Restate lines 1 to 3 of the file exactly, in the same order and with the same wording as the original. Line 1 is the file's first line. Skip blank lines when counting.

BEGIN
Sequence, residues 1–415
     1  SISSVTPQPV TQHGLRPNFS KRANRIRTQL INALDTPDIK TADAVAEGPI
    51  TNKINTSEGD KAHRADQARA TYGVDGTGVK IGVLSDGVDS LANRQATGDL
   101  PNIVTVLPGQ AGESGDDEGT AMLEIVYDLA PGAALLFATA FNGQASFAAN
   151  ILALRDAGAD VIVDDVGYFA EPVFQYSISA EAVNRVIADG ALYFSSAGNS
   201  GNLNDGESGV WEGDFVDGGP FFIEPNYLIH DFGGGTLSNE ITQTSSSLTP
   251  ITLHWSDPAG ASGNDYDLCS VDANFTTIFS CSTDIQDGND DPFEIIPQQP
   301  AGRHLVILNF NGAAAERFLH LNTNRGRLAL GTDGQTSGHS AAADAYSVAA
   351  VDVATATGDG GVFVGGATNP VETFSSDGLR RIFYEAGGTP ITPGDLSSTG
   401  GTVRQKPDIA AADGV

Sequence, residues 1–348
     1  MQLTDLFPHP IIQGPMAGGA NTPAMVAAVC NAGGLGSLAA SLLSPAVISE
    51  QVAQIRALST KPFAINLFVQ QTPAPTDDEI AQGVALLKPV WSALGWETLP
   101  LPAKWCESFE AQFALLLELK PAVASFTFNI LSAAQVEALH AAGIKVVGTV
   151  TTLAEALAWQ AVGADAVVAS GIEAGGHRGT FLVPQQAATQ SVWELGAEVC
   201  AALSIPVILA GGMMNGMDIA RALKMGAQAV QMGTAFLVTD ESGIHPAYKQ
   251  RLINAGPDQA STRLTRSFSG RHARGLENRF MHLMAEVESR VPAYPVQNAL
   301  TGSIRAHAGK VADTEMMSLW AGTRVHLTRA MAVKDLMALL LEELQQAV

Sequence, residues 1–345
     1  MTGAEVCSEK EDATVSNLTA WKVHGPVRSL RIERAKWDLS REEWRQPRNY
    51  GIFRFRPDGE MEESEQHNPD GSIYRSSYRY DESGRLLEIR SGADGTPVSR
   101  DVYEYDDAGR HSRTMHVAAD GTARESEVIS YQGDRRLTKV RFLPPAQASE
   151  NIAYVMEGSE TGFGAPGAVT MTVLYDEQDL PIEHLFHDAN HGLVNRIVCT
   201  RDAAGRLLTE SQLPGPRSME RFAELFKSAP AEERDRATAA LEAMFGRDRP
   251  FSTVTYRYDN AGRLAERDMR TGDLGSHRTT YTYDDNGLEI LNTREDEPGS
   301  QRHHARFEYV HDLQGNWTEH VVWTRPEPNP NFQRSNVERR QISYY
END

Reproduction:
Sequence, residues 1–415
     1  SISSVTPQPV TQHGLRPNFS KRANRIRTQL INALDTPDIK TADAVAEGPI
    51  TNKINTSEGD KAHRADQARA TYGVDGTGVK IGVLSDGVDS LANRQATGDL